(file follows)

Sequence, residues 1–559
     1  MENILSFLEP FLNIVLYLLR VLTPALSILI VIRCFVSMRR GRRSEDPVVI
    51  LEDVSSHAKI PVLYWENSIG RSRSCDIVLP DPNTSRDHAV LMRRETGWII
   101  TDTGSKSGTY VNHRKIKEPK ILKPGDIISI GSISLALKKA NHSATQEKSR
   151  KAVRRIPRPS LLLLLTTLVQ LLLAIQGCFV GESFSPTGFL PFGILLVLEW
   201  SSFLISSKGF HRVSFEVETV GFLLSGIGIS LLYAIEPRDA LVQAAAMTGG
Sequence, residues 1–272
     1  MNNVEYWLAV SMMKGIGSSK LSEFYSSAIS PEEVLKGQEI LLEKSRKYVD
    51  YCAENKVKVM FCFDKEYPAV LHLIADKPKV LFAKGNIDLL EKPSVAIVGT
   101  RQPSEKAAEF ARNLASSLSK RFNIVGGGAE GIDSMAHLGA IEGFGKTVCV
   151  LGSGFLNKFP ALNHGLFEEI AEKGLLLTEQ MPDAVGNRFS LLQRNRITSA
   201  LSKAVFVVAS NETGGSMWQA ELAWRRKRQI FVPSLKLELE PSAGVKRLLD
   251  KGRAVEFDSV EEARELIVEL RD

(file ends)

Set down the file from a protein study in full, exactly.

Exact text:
Sequence, residues 1–559
     1  MENILSFLEP FLNIVLYLLR VLTPALSILI VIRCFVSMRR GRRSEDPVVI
    51  LEDVSSHAKI PVLYWENSIG RSRSCDIVLP DPNTSRDHAV LMRRETGWII
   101  TDTGSKSGTY VNHRKIKEPK ILKPGDIISI GSISLALKKA NHSATQEKSR
   151  KAVRRIPRPS LLLLLTTLVQ LLLAIQGCFV GESFSPTGFL PFGILLVLEW
   201  SSFLISSKGF HRVSFEVETV GFLLSGIGIS LLYAIEPRDA LVQAAAMTGG
Sequence, residues 1–272
     1  MNNVEYWLAV SMMKGIGSSK LSEFYSSAIS PEEVLKGQEI LLEKSRKYVD
    51  YCAENKVKVM FCFDKEYPAV LHLIADKPKV LFAKGNIDLL EKPSVAIVGT
   101  RQPSEKAAEF ARNLASSLSK RFNIVGGGAE GIDSMAHLGA IEGFGKTVCV
   151  LGSGFLNKFP ALNHGLFEEI AEKGLLLTEQ MPDAVGNRFS LLQRNRITSA
   201  LSKAVFVVAS NETGGSMWQA ELAWRRKRQI FVPSLKLELE PSAGVKRLLD
   251  KGRAVEFDSV EEARELIVEL RD